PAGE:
Have Western cultures affected indigenous Asian creative expression…

“How could one even begin to make comparative judgments? Who could say, with authority, that Plato is a greater political theorist than Mencius? Who could compare The Canterbury Tales to The Tale of Genji? How to evaluate the art of Picasso compared to the creations of unknown African masters? is a question the Bruce D. Benson Center for the Study of Western Civilization asks when teaching Western Civilization at the University of Colorado.اضافة اعلان

According to Tensions of Empire: Colonial Cultures in a Bourgeois World, by Frederick Cooper and Ann Laura Stoler, the Westernization of Asian societies has been going on for centuries, its claws digging deep into their hierarchies of art and literature.

The long-lasting effects of Western cultures influencing world art can be traced back to traders and colonizers from Western Europe, particularly Ancient Greece, who settled Asian (and African) lands.

“When mentioned among Western elites, the traditions of the West are almost always an object of criticism or contempt,” said James Kurth, professor of political science at Swarthmore College.

Utagawa Hiroshige’s Plum Estate. (Photo: Boston Museum of Fine Arts)

These societies believed their way of doing things, whether in writing or brushstrokes, was superior to the civilizations they were trying to colonize, Emory University psychology professor Patricia Bauer recently said. And to understand the deeply rooted effects of Western cultures on the artistic expression of many societies, one must be aware of the world’s long artistic and creative history.

The evolution of art dates back to before 3000 BC, in the prehistoric times of man. With simple cave paintings, Neanderthals generally represented themselves as sticks, and also as animals, beginning the long history of artistic expression, according to Art in Context, an online art museum/archive.

The Middle Ages were a difficult time, often loosely considered “the age of artistic censorship” by several scholars, with the art generally consisting of manuscripts and mosaics, rather than the realism on which it focused.

After 3000 BC. AD, ancient Egypt and Greece, the Etruscans and Romans finally dabbled in realistic representations of humanity. Human sculptures, busts and paintings predominated for many centuries, especially in ancient Greece. People back then, however, did not boast of written works and literature. Their emphasis was on seeing and touching, rather than reading and writing, as Professor of Developmental Anatomy (1996) Gillian Morriss-Kay put it in her article The Evolution of Artistic Creativity human.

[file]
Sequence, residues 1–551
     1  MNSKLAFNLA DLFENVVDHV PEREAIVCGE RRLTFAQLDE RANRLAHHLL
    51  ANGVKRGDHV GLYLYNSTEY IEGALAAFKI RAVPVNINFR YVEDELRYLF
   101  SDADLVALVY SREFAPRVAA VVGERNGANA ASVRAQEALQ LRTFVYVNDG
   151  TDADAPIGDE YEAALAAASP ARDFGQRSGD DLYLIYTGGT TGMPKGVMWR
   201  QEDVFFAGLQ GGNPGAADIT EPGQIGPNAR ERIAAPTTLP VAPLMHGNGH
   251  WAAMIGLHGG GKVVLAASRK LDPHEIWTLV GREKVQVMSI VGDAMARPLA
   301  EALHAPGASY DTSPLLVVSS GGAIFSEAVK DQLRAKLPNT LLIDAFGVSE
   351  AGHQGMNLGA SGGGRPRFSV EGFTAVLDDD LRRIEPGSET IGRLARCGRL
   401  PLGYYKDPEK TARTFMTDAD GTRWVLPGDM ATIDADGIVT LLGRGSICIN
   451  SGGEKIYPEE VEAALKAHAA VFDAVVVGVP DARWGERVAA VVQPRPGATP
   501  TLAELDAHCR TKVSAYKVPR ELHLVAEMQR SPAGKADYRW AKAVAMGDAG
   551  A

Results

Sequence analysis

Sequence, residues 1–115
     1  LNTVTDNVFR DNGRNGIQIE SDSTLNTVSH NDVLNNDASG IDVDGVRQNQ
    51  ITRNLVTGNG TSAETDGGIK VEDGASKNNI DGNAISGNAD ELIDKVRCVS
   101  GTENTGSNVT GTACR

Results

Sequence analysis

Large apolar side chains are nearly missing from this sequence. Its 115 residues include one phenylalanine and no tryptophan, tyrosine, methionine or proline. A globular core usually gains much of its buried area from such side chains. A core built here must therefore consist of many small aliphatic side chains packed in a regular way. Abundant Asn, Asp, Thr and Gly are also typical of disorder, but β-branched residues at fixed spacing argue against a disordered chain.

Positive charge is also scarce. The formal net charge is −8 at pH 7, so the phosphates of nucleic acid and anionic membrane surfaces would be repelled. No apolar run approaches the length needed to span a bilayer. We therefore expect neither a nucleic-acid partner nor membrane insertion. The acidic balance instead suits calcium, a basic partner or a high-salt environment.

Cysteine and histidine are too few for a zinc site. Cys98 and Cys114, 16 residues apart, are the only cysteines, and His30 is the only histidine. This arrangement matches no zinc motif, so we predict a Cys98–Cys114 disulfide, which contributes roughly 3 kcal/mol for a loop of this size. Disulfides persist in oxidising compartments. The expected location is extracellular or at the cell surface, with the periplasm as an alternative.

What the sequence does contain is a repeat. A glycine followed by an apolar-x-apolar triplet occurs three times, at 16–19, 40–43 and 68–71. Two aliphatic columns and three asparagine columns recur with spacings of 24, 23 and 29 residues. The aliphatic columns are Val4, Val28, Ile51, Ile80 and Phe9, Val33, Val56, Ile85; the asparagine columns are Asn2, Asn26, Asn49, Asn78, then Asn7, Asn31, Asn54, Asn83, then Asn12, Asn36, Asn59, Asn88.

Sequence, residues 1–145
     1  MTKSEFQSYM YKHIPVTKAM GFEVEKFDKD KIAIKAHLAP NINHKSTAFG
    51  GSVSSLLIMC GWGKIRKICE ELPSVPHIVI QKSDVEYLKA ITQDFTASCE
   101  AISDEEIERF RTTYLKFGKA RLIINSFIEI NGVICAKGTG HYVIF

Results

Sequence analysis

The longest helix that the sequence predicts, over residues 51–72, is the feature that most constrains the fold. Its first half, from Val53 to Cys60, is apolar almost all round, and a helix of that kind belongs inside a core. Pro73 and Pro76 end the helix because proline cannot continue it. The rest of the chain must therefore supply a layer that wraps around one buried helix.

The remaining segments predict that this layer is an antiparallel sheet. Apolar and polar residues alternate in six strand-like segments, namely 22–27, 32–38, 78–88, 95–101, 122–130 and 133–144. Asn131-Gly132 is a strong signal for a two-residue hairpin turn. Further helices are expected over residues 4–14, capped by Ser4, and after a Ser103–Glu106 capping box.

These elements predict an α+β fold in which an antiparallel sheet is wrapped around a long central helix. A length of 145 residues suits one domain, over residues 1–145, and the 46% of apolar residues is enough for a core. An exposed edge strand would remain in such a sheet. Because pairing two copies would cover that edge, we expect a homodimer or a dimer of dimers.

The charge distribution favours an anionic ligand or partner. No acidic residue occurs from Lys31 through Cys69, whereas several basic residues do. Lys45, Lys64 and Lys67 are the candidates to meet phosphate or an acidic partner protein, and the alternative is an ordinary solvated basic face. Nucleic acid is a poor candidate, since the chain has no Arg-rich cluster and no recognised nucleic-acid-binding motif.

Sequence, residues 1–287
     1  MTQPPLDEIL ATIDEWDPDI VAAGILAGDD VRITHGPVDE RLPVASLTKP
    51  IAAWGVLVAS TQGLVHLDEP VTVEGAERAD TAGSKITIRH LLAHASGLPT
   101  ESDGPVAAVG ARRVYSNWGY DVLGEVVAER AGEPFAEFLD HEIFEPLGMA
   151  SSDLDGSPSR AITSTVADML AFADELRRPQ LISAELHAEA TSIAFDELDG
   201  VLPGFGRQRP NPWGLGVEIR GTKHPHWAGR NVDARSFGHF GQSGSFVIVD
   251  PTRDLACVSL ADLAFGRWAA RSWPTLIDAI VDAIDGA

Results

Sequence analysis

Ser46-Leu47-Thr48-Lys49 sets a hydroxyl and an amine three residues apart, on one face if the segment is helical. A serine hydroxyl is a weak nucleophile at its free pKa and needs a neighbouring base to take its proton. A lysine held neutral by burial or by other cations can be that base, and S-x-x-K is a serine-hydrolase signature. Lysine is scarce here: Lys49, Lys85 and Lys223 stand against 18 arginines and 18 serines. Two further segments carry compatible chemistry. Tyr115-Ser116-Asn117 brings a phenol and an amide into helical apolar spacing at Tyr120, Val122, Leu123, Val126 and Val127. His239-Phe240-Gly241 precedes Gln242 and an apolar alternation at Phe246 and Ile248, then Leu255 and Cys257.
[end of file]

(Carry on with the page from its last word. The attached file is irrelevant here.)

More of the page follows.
The Middle Ages were a difficult period, often loosely considered the “age of artistic censorship” by several scholars, with the art generally consisting of manuscripts and mosaics, rather than the realism on which it focused. In the Middle Ages, the teachings of the Church overtook Europe and other parts of the world, with their rules following behind, according to Brent F. Nelsen and James L. Guth, professors at Furman University, in their article Roman Catholicism and The Founding of Europe: How Catholics Shaped European Communities.

The Japanese by Claude Monet (Camille Monet in Japanese costume), 1876. (Photo: Boston Museum of Fine Arts)

Strongly focused on literature and religious studies, portraits and sculptures depicting the human form were incredibly rare. Monotony took precedence over artistry, with muted, weathered colors staining the once-vibrant artistic expressions of age-old artists. This was specifically apparent in Christianity reaching Japan, according to Tamon Miki, in the essay The Influence of Western Culture on Japanese Art, published by Sophia University.

A Spanish Christian missionary named Francis Xavier arrived on Japanese land accompanied by an artist named Anjiro. The missionary brought religious paintings adorned with Christian themes and used them to decorate his altars. These paintings were a means of educating the public about Christianity and hoping that it would alter the minds of the public by following the teachings of the religion, in turn adhering to their stricter rules of art. It reached a point where a holy painting of the Virgin Mary was brought to Hirado, a city in Nagasaki Prefecture, Japan, in 1565, and fell into the hands of Katō Kiyomasa, a Japanese daimyo (a general of a specific rank) of the Azuchi-Momoyama and Edo periods (according to Wikipedia), which was largely against the infiltration of Christianity into Japanese cultures, and made many efforts to ban it. This continued until the Renaissance, in the 1500s and 1600s, which means it lasted at least two centuries.

Yoshikazu — Yokohama-e print of an English couple, 1861. (Photo: Visualizing Cultures)